For those of us old enough to remember typewriters and the convention of adding a double space between sentences, the question of one space or two often arises. The answer now is, unequivocally, one space, but why the change?
The convention of adding two spaces between sentences arose because this rendered text easier to read when typed out: with only one space, sentences would appear to run into each other. However, when typeset into a book where paragraphs are usually justified, this convention becomes irrelevant: words, and sometimes individual characters, are spaced out (“kerned”) to make them fit on the line, creating variable widths between words and also between the end of a sentence and the beginning of the next. (If you open any book and look closely at the text you will see how words and sometimes characters are spaced out differently from line to line.)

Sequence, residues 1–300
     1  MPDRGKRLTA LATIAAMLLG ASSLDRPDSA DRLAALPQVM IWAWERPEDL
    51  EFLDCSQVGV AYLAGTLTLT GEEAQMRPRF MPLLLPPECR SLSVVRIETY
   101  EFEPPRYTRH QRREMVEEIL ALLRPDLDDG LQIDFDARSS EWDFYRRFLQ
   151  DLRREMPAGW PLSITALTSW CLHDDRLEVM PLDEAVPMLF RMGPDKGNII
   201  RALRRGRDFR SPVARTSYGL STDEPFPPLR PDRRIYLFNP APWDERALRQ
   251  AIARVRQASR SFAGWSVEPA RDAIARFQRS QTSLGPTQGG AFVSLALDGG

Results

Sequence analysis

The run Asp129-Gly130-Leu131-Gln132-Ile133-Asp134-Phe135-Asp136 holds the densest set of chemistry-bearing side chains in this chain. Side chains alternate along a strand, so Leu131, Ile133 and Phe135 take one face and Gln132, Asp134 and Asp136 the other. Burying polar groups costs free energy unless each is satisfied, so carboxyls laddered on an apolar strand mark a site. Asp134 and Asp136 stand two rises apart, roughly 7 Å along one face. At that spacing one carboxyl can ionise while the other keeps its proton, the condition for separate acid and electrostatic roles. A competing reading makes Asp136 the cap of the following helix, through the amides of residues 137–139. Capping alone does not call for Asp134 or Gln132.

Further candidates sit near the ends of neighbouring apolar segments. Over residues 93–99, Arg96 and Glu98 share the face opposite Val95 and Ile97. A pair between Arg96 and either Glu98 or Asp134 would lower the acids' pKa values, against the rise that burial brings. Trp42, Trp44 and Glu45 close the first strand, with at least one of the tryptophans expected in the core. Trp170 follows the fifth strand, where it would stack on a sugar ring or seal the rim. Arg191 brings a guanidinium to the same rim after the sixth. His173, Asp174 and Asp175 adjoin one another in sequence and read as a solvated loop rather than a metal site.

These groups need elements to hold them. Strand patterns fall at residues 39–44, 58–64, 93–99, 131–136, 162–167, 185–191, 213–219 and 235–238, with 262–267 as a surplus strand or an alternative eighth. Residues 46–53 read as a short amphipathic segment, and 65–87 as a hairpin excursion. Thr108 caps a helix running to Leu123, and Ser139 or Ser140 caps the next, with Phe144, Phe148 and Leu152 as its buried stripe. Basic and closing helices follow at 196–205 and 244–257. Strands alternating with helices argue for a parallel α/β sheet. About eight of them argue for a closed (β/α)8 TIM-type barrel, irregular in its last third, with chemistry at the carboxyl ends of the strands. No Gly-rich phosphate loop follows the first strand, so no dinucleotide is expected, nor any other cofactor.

With the advent of digital word processing (and desktop publishing), text is auto-kerned by the program. Word processors treat all spaces as characters; thus, if you input a double space after the end of a sentence in a paragraph with justified text, this can create odd or exaggerated kerning, often resulting in unsightly large spaces between sentences.